The Shropshire Hills are a genuine secret, unbelievably quiet and still relatively undiscovered compared to other popular walking areas. From the top of the Long Mynd, you get a 360-degree view to the Welsh coast, far out over the Cheshire plains, the Peak District, The Malvern Hills and even the Black Mountains.
You’ll see plenty of sheep quietly grazing the hills, a herd of Shropshire wild ponies and their cute foals. Depending on the time of year, you will see glorious swathes of deep purple heather on the upland moors or the amazing golden shades of autumnal bracken on the hillsides, but what you won’t see are hordes of people… this is a quiet land.
Church Stretton and its picturesque surrounding villages form an excellent base for the country lover and sportsman alike. The Long Mynd rising above the west of the town is renowned for gliding, and boasts the second highest golf course in England. The beautiful countryside, with its wild uplands and breath-taking views, feature in the books of Mary Webb, A E Housman and Malcolm Saville.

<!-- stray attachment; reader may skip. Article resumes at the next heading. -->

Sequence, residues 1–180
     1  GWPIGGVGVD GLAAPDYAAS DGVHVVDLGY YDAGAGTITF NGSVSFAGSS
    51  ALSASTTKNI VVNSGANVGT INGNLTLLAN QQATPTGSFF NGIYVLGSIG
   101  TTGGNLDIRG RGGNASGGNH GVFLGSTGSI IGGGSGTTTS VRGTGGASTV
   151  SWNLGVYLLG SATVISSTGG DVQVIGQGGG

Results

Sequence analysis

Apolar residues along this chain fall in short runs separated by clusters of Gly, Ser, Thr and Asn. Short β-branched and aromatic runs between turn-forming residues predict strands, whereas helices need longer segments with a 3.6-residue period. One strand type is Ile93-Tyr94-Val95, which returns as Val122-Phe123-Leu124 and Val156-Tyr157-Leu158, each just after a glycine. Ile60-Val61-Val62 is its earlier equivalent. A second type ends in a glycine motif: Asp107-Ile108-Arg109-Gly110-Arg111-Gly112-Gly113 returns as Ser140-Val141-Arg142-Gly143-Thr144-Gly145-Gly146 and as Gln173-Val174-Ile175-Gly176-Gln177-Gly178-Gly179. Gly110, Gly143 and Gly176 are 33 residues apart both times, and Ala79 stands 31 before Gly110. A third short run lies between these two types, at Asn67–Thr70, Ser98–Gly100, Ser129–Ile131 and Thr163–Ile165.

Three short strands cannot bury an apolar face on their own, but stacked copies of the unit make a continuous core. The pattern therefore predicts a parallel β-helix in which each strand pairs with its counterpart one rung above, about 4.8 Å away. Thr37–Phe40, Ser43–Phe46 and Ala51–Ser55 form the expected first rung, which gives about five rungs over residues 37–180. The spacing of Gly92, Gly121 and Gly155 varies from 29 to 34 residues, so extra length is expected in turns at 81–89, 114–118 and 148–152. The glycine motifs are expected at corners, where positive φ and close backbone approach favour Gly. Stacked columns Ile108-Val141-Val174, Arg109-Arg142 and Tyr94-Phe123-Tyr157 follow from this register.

It’s not just the stunning scenery that will captivate you, but the people and places, its history and heritage, the walking and wildlife, its food and festivals. Combined they offer magical experiences. Such magic is best summed up by the Independent newspaper review in 2009 which claimed Church Stretton to be "England’s ultimate retreat".
The Shropshire Hills Area of Outstanding Natural Beauty is one of Britain's finest landscapes. The limestone escarpment of Wenlock Edge, the rugged volcanic rocks of Caer Caradoc and the rounded sandstones of the Clun Forest make this one of Britain's finest landscapes.
This patchwork landscape includes the wide-open spaces of the Long Mynd, peaceful river valleys such as the Clun and the Onny, the craggy Stiperstones and Clee hills and the wooded beauty of Wenlock Edge and the Wrekin. This variety of hills, crags, scarps and valleys forms the character of this lovely area.